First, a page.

The chart below shows the drawdown during 2008 of two example allocations: one 50% in U.S. stocks and 50% in a blended bond fund, and another 50% in U.S. stocks and 50% in a fund that only invests in intermediate-term U.S. Treasuries.
There are two main types of Treasury bonds: regular bonds that pay a nominal rate of interest and TIPS that pay an inflation-adjusted rate of interest. TIPS were introduced in 1997 as a way for U.S. bond investors to protect against inflation. Twice a year, the U.S. Treasury raises the face value of a TIPS bond by the realized inflation over the prior six months. So if you buy a $1,000 TIPS bond on January 1, and inflation during the entire year rises 3%, the face value of that bond will be adjusted higher to $1,030. TIPS also have a rarely discussed deflation floor, preventing their face value from dropping below $1,000 at maturity.
My passive bond allocation uses a 50/50 split between intermediate-term regular bonds and TIPS. Anything other than a 50/50 split is an implicit bet on whether current market inflation expectations are high or low. The graph below shows a measure of inflation expectations called the breakeven rate. The 10-year breakeven rate is the difference in yield between a regular 10-year U.S. Treasury and a 10-year TIPS bond.
For example, if a regular 10-year Treasury yielded 3.0% and a 10-year TIPS yielded 1.0%, the 10-year breakeven rate would be 2.0%. This is the level of average inflation over the next 10 years that would result in identical total returns between regular Treasuries and TIPS.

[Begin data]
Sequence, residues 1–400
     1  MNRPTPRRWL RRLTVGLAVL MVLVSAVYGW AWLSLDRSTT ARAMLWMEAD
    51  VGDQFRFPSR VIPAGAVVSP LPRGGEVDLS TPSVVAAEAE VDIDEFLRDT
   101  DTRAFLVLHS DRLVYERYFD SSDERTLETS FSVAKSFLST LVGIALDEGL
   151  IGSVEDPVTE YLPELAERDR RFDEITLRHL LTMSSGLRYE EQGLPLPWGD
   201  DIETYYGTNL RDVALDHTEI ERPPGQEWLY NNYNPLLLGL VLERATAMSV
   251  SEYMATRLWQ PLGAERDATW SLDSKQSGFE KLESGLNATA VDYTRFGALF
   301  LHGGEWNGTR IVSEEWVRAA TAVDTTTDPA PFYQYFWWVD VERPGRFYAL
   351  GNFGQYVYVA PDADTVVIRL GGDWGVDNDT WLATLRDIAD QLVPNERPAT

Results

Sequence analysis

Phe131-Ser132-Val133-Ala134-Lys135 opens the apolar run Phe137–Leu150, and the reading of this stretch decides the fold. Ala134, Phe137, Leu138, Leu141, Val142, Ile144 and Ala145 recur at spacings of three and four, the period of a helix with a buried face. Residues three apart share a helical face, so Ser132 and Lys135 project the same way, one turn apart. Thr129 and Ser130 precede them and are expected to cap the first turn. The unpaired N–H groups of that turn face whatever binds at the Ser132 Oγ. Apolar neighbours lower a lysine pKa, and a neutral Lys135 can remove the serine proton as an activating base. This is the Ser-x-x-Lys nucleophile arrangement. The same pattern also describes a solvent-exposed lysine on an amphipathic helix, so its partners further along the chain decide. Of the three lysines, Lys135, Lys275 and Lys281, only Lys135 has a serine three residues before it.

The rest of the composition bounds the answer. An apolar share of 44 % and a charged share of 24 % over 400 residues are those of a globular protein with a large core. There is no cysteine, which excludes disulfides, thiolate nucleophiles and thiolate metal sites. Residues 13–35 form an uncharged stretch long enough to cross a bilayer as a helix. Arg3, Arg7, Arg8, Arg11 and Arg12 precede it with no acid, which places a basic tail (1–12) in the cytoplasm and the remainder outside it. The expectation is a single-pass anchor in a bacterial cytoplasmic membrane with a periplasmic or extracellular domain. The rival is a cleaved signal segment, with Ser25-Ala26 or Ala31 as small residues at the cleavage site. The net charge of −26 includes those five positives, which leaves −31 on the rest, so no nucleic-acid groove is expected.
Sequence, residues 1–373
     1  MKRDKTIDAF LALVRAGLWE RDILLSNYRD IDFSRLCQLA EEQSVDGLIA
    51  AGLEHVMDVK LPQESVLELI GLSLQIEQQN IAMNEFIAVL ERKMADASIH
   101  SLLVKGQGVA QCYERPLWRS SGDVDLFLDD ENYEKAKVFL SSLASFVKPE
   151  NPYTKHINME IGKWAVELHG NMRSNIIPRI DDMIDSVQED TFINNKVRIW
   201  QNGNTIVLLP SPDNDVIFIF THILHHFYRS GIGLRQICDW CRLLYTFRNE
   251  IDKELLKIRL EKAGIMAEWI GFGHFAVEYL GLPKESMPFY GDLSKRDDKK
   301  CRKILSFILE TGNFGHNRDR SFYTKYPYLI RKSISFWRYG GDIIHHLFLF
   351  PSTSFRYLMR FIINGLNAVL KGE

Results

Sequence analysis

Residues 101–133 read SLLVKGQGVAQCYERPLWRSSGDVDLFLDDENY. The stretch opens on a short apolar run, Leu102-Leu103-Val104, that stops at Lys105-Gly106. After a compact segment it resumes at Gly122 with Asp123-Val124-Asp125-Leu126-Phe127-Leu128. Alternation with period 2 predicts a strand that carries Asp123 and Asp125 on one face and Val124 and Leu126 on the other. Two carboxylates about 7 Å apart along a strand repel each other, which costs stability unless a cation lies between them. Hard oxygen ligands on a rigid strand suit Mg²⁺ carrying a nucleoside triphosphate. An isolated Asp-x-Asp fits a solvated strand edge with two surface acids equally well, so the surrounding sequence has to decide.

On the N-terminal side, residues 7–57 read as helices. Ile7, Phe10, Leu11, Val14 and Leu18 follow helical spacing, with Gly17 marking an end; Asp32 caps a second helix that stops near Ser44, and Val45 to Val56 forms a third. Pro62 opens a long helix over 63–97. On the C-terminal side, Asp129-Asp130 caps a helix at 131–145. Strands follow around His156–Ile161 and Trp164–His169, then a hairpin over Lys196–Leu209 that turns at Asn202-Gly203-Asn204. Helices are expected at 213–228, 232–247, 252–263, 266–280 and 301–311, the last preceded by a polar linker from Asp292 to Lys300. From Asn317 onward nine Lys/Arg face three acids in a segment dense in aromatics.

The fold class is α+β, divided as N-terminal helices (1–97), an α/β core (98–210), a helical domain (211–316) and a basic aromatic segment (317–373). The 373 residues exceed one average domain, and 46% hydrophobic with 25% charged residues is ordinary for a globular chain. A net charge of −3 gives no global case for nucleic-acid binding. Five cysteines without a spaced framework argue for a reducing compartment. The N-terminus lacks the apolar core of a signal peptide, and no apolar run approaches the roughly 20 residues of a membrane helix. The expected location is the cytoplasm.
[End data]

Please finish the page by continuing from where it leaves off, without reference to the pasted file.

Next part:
If an investor were to only use regular bonds, they'd be vulnerable to future inflation that's higher than what the market currently expects. On the other hand, an investor that were to only use TIPS would lose out if we were to enter a deflationary environment and future inflation ends up being less than current expectations.
Passive Allocation Summary
Client passive stock and bond allocation percentages are a function of their individual time horizon and risk tolerance, but each segment can be summarized by:
- Passive Stocks: 50% VTI and 50% VXUS
- Passive Bonds: 50% VGIT and 50% VTIP (in tax-deferred accounts) or 50% VTEB and 50% VTIP (in taxable accounts)
I hope this article was helpful; do let me know if you have any questions in the comments below.
Disclosure: I am/we are long VTI, VXUS, VGIT, VTEB, VTIP. I wrote this article myself, and it expresses my own opinions. I am not receiving compensation for it. I have no business relationship with any company whose stock is mentioned in this article.
Additional disclosure: In the fifth graph, U.S. stock data is historical dividend adjusted data for VTI. Intermediate-term Treasury data is historical dividend adjusted data for VFITX. Bloomberg Barclays Aggregate data is historical dividend adjusted data for VBMFX. Returns shown are total returns net of fund expense ratios but do not reflect management or trading fees. The results are hypothetical simulated results, were not realized in an actual account, and are not an indicator of future results.
Movement Capital (MVMT Capital LLC) is a registered investment advisor. Advisory services are only offered to clients or prospective clients where Movement Capital is properly licensed or exempt from licensure. This article is solely for informational purposes. Investments involve risk and are not guaranteed. Movement Capital is not responsible for the accuracy, suitability, or completeness of any information on this website prepared by any unaffiliated third party. No advice may be rendered by Movement Capital unless a client agreement is in place.